Importance: Short-term infusions of single vasodilators, usually given in a fixed dose, have not improved outcomes in patients with acute heart failure (AHF).
Objective: To evaluate the effect of a strategy that emphasized early intensive and sustained vasodilation using individualized up-titrated doses of established vasodilators in patients with AHF.
Design, Setting, and Participants: Randomized, open-label blinded-end-point trial enrolling 788 patients hospitalized for AHF with dyspnea, increased plasma concentrations of natriuretic peptides, systolic blood pressure of at least 100 mm Hg, and plan for treatment in a general ward in 10 tertiary and secondary hospitals in Switzerland, Bulgaria, Germany, Brazil, and Spain. Enrollment began in December 2007 and follow-up was completed in February 2019.
Interventions: Patients were randomized 1:1 to a strategy of early intensive and sustained vasodilation throughout the hospitalization (n = 386) or usual care (n = 402). Early intensive and sustained vasodilation was a comprehensive pragmatic approach of maximal and sustained vasodilation combining individualized doses of sublingual and transdermal nitrates, low-dose oral hydralazine for 48 hours, and rapid up-titration of angiotensin-converting enzyme inhibitors, angiotensin receptor blockers, or sacubitril-valsartan.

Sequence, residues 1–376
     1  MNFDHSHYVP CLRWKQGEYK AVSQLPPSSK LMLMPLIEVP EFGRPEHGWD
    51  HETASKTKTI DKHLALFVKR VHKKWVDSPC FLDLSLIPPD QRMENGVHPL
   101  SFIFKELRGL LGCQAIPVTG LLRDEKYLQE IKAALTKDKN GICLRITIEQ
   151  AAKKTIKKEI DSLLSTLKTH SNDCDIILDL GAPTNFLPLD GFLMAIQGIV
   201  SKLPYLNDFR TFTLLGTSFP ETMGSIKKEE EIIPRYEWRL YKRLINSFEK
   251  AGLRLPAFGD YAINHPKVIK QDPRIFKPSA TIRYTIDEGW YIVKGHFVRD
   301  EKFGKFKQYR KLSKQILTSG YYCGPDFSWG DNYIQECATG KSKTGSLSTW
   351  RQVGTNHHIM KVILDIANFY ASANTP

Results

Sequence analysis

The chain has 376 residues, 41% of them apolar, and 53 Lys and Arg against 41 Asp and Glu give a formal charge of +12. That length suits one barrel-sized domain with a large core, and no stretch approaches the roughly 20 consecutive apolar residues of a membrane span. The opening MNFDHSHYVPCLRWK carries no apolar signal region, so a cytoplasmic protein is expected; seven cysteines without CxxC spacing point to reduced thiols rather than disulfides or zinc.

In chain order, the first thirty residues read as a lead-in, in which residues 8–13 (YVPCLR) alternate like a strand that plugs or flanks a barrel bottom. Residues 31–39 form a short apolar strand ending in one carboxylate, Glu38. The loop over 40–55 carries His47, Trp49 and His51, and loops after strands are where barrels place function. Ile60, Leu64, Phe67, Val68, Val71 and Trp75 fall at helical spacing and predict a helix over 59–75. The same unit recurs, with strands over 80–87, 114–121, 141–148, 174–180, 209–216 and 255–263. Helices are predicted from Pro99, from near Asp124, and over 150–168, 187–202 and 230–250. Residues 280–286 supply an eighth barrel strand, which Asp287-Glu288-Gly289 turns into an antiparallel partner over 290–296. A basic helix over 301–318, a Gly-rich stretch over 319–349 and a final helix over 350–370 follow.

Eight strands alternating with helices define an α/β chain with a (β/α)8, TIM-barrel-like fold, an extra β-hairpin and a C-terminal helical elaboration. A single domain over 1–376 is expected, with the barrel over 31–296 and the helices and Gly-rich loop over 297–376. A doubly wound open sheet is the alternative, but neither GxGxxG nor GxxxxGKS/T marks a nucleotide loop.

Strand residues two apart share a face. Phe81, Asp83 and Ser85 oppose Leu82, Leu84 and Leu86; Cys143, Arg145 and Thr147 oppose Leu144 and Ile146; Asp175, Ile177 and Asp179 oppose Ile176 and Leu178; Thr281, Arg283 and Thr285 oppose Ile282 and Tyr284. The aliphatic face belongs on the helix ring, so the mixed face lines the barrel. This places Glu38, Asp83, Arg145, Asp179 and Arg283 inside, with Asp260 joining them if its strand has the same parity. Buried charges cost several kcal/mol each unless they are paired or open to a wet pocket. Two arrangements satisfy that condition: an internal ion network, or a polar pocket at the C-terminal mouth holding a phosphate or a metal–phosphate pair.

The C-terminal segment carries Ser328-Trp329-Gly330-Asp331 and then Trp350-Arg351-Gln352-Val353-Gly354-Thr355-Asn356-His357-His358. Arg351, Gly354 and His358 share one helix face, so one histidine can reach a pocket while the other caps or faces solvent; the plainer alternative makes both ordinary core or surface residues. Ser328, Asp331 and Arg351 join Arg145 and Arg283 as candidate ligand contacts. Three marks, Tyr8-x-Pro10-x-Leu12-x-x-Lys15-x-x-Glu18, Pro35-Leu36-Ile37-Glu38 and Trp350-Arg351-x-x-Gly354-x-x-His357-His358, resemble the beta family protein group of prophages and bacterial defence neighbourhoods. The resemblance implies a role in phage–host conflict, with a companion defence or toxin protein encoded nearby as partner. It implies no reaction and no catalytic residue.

Main Outcomes and Measures: The primary end point was a composite of all-cause mortality or rehospitalization for AHF at 180 days.
Results: Among 788 patients randomized, 781 (99.1%; median age, 78 years; 36.9% women) completed the trial and were eligible for primary end point analysis. Follow-up at 180 days was completed for 779 patients (99.7%). The primary end point, a composite of all-cause mortality or rehospitalization for AHF at 180 days, occurred in 117 patients (30.6%) in the intervention group (including 55 deaths [14.4%]) and in 111 patients (27.8%) in the usual care group (including 61 deaths [15.3%]) (absolute difference for the primary end point, 2.8% [95% CI, -3.7% to 9.3%]; adjusted hazard ratio, 1.07 [95% CI, 0.83-1.39]; P = .59). The most common clinically significant adverse events with early intensive and sustained vasodilation vs usual care were hypokalemia (23% vs 25%), worsening renal function (21% vs 20%), headache (26% vs 10%), dizziness (15% vs 10%), and hypotension (8% vs 2%).
Conclusions and Relevance: Among patients with AHF, a strategy of early intensive and sustained vasodilation, compared with usual care, did not significantly improve a composite outcome of all-cause mortality and AHF rehospitalization at 180 days.
Trial Registration: ClinicalTrials.gov Identifier: NCT00512759.